So far I have harvested a grand total of nine green bean pods. And the beans are done now.

I have two squash that are roughly the size of my pinky, and both are growing on plants with three stunted leaves. Not a lot of hope for converting sunlight into squash there, but who knows. They might pull a rabbit outta that hat. But I sure doubt it.

The corn never got more than four feet high. All the stalks have male flowers (the tassels) and female flowers (the silks), but shortly after I planted them, I read that you need about eight times more corn than I planted for them to pollinate one another. The silks have no substance beneath them to suggest a cob, much less kernels.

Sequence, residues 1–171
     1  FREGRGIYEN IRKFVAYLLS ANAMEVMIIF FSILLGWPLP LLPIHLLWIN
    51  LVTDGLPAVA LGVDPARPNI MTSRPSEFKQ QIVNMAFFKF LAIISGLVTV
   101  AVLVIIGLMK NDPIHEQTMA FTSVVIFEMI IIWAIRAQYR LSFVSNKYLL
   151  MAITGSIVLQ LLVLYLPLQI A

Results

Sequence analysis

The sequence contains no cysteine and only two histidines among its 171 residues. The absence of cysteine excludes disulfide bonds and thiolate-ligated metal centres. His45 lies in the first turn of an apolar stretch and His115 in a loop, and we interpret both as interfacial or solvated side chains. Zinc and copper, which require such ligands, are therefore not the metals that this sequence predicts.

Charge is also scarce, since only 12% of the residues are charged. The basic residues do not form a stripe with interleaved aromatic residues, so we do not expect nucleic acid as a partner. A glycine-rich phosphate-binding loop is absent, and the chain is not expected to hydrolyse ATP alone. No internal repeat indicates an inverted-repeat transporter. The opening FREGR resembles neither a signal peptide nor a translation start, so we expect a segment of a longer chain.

Next year I may need to cut some trees down to give this patch a little more light. But I hate to cut down my (living) trees because I actually like the shade. I might cut down a small cherry though, as I don’t think it’s anything more than a coppice anyhow. Plus it’s a tent caterpillar magnet.

On the other hand, I have harvested about three quarts of blackberries on the place. I didn’t plant a one of them. I didn’t water them. I didn’t fertilize them. But there they are. I picked another double-handful of berries tonight in fact, and there were prolly double that still on the canes out front (but my hands were full).

Maybe I should stick to edible wild plants.